Brüner makes no secret of his belief that accountants should take an active
role in fighting fraud, even if that means reporting concerns about a client to
law enforcement authorities with all the attendant embarrassment when the client
becomes aware that their accountant has shopped them.

‘It is typical that, for many types of financial crime, there is no apparent
victim, or, as is the case in manipulated tender procedures, the victims do not
know that they are victims,’ he says. ‘Therefore, law enforcement has to rely on
the awareness and co-operation of all parties. It is unavoidable that for
certain professions the issue of confidentiality arises and the right balance
has to be struck.’

Brüner continues: ‘OLAF has no power whatsoever when it comes to checking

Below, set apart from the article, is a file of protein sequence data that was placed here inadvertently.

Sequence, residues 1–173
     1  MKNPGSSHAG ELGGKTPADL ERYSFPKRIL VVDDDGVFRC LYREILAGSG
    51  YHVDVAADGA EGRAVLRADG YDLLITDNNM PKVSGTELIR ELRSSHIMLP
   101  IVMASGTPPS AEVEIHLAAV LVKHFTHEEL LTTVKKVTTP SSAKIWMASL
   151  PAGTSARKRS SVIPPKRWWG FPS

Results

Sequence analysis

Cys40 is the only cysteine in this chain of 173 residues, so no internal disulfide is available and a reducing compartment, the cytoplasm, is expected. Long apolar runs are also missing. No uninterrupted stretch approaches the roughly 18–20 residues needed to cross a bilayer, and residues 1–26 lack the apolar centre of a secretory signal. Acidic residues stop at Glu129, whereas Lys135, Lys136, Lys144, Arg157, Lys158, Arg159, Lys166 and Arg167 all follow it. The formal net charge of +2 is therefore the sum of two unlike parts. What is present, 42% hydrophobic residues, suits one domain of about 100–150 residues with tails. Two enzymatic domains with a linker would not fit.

bank accounts or the like. We also need the voluntary co-operation of the
private sector to fight fraud more effectively.’

He cites the example of a private company that was recently approached by a
civil servant asking for bribes in a multimillion tender procedure. ‘The company
did not accept this. A consultant for the company informed OLAF about the issue.
Here you see how professionals can help us without putting their clients into
trouble: you can advise them to ask for support from the right people.’

With that kind of help, Brüner thinks that OLAF can succeed without the EU
needing to pass stronger legislation to protect its financial interests better.

‘As a matter of fact, the legal instruments in place constitute a solid basis
for our work,’ he says. ‘If everybody makes the necessary effort we can achieve
a lot with the rules already in place.’

Indeed, Brüner says he is satisfied with “the approval of the revised EU
financial regulation”. He views it as the most outstanding recent event in the
fight against EU fraud because it will allow for greater scrutiny.

‘Improved transparency will help protect the EU’s financial interests,’ he